View Full Version : Build Log for #002

12-30-2011, 09:32 AM
There was recently a very interesting discussion started by Pete Howlett on the subject of peer review and this sub-forum. As a beginning builder, Iím not going to offer anything to the peer review discussion because Iím not a ďpeer.Ē With respect to the use and usefulness of the sub-forum, it has certainly been of immense value to me and, Iím sure, to other inexperienced builders. For aspiring builders, there is a practically endless vein of useful information already in place and, also, an opportunity to get constructive criticism from the experts to improve our projects. As someone else observed, there may be the occasional ďattaboy,Ē and no one doesnít like praise, but most of us would rather get useful advice about our materials, tools, and techniques even if some criticism is involved. So, Iím going to toss up a log as my second build goes along. I hope that it creates a vehicle for input from others and, perhaps, an inspiration for other beginners to take the plunge.

Since my first build was a concert, I thought that it would be a good idea to do another concert for the sake of continuity. In reality, the first few builds are less about the final instruments than about 1) making tools and jigs, 2) learning about tonewoods and other materials, and 3) learning how to do things in ways that are consistent with good lutherie practice and still compatible with your own skills and the available tools.

Collecting wood has been a lot of fun. One of the pros recently mentioned that amateurs have a freedom that the pros donít. We can use woods that donít turn up much in commercially mainstream ukuleles because we donít have to conform to what customers will accept. This opens up a wide range of potential materials that work fine but arenít koa or Honduras mahogany or the other classic choices. There are only two hardwood outlets within an hour-and-a-half drive so pickinsí ainít easy but itís still amazing what turns up from time to time. Last week, the hardwood place in town got in a new load of walnut and right on top of the stack was a seven foot 1x5 board with nearly vertical grain through most of it. Someone had thoughtfully put it on the top of the stack for me to find so it got taken home. After resawing a couple of slats and thicknessing them on the drum sander, the hot pipe was fired up and all went well until the second side snapped. This was a real surprise because I thought that I was taking it slow, but thatís how you learn the feel. Luckily, the good piece was back-to-back with the next surface on the board so a matched replacement was sawn off and the sides were completed.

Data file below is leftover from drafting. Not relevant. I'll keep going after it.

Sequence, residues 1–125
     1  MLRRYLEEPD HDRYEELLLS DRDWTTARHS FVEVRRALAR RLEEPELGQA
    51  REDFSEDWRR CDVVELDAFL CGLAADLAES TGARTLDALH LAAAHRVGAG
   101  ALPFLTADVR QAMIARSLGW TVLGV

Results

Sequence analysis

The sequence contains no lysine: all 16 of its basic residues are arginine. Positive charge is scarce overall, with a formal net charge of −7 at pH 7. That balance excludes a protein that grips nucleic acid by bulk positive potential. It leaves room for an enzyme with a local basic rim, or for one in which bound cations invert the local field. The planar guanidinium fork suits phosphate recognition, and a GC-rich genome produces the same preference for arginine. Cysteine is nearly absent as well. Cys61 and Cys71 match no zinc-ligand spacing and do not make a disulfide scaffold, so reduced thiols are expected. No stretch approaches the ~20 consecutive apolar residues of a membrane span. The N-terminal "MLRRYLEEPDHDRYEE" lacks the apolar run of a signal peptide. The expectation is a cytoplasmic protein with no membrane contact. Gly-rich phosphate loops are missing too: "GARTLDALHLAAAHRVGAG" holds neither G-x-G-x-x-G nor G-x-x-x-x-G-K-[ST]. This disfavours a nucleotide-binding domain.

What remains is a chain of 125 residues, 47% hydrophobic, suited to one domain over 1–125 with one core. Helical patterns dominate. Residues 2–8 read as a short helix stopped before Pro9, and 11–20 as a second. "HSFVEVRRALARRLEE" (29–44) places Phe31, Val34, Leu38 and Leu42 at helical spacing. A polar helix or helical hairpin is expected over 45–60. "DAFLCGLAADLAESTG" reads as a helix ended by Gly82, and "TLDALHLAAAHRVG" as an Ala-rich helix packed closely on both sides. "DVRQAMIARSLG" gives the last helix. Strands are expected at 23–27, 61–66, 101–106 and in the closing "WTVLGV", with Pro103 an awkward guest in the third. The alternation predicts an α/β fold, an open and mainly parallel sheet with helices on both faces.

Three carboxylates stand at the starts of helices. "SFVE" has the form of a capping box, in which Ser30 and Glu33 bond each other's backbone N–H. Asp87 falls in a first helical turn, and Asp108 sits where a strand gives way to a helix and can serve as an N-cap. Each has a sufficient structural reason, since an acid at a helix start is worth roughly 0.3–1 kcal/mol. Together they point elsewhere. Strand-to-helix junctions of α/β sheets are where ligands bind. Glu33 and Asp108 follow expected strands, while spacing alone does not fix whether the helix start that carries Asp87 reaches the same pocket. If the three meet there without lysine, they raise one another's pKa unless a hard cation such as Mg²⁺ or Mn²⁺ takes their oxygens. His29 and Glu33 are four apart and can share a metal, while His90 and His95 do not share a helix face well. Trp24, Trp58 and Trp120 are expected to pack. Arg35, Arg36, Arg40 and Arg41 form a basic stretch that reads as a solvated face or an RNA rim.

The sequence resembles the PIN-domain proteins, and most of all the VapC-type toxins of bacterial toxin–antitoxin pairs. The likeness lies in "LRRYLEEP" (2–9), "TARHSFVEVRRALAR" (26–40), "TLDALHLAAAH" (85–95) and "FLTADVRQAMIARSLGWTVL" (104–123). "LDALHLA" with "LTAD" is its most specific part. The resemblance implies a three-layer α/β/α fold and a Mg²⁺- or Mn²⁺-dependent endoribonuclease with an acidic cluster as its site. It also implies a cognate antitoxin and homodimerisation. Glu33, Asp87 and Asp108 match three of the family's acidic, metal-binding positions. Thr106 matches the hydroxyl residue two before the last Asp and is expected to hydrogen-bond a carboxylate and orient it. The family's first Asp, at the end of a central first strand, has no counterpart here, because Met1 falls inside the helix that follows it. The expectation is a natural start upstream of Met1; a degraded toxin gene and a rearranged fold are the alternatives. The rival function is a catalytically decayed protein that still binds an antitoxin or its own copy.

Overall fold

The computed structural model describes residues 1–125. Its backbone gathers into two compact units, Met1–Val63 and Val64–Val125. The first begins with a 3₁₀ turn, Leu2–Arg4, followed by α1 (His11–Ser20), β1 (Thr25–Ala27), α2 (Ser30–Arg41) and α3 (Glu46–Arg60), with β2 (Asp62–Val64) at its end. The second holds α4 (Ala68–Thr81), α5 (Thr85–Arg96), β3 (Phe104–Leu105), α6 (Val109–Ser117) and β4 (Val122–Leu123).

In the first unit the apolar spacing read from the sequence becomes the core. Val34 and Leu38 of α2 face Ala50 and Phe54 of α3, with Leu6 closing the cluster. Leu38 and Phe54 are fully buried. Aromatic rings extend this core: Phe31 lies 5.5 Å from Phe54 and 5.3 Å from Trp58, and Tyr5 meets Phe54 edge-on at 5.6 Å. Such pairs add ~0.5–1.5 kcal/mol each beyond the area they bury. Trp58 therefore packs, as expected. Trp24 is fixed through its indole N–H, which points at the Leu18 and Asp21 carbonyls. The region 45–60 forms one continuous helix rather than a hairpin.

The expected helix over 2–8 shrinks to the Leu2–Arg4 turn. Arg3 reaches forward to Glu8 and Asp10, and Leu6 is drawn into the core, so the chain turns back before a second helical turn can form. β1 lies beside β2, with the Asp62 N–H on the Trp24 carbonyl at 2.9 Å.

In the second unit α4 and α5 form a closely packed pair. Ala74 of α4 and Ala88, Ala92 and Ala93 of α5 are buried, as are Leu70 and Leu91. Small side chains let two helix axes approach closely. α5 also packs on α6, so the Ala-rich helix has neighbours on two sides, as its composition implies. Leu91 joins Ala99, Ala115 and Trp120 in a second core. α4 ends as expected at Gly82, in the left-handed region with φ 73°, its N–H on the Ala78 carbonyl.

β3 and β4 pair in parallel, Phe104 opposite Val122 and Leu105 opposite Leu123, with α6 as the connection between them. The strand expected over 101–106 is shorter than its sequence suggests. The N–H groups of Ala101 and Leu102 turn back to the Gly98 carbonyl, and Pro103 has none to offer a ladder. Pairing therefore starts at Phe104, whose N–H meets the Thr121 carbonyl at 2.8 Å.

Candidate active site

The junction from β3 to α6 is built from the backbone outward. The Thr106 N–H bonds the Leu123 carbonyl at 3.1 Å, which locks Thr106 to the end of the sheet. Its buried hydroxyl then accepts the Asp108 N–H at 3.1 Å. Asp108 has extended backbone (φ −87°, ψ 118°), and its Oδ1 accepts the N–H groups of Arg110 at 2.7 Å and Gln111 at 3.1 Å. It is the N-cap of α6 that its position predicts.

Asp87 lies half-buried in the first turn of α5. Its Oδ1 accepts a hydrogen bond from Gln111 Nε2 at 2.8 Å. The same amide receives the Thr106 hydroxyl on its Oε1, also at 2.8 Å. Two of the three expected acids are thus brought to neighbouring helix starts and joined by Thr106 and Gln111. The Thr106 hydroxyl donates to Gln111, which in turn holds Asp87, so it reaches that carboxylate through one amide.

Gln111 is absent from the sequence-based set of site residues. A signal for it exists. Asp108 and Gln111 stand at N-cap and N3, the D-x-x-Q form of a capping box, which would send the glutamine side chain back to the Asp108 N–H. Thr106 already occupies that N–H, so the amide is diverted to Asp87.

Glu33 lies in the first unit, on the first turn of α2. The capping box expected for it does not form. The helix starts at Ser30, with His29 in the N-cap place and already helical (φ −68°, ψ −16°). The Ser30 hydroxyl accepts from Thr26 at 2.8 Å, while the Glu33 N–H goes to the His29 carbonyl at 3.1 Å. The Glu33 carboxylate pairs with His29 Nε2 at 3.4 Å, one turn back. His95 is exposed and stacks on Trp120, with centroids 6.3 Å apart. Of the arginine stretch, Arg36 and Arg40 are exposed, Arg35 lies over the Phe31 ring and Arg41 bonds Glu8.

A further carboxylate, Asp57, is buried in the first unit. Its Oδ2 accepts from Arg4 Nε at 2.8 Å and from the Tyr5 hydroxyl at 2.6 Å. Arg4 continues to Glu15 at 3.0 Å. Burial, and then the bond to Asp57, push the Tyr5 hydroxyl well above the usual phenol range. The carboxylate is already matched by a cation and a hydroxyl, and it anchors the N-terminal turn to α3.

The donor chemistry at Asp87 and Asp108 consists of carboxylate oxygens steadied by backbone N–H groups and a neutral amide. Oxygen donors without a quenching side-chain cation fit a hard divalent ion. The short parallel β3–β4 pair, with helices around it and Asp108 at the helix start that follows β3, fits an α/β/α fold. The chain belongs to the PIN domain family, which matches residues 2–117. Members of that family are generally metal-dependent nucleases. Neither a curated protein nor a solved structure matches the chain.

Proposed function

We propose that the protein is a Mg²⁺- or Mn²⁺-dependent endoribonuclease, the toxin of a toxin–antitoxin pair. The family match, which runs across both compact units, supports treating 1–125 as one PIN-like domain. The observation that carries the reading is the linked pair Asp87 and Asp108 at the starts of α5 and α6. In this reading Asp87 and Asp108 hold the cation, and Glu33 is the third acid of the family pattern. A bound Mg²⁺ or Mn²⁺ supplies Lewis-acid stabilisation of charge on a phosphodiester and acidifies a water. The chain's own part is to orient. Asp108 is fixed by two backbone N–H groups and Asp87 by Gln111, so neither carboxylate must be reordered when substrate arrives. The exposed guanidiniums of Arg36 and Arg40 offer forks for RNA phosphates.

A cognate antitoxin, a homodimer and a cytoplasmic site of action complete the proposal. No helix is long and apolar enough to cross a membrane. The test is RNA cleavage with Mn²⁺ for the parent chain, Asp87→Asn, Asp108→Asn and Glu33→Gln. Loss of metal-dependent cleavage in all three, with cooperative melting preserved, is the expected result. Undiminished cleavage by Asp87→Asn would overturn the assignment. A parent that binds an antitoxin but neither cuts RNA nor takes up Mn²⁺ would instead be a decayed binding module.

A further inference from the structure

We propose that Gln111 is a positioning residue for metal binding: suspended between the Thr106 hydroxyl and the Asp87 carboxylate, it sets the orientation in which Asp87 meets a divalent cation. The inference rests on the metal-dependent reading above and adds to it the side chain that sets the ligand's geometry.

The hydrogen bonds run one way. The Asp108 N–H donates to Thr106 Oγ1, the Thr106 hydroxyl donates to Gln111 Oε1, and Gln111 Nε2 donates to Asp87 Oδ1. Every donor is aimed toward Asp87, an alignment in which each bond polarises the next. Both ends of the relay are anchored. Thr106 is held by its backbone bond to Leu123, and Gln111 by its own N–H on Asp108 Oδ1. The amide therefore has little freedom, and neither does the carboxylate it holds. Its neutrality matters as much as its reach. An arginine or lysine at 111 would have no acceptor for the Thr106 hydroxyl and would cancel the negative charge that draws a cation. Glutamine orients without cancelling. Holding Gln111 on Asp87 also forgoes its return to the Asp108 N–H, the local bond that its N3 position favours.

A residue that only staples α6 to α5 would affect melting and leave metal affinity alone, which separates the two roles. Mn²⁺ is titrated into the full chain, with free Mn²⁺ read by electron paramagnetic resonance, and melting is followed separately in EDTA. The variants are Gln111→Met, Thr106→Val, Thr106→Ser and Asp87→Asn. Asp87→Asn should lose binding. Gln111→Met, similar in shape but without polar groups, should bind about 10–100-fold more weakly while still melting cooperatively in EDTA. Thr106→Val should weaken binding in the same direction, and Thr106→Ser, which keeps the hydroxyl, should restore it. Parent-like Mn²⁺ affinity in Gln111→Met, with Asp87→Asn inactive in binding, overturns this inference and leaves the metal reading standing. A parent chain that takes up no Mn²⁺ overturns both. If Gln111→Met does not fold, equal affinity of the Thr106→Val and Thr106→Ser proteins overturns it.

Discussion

Although this is only my second instrument, Iíve tried bending a number of woods and have found that walnut takes to bending well enough to be near the top of the list of beginnersí woods.

There is a shop down the road that uses Port Orford cedar to make planter boxes. The guys there kindly gave me some 2x6 drops to experiment with. Each piece is enough to make a laminated neck. An eighth inch of walnut was laminated down the middle with epoxy.

All other gluing on this instrument has been done with hot hide glue but it seems like epoxy is a better choice for neck laminations to avoid water absorption and possible warping. The dowels were used to hold the three pieces in position so they wouldnít slide during clamping. Of course, they are removed when the neck blank is sawed to the correct profile.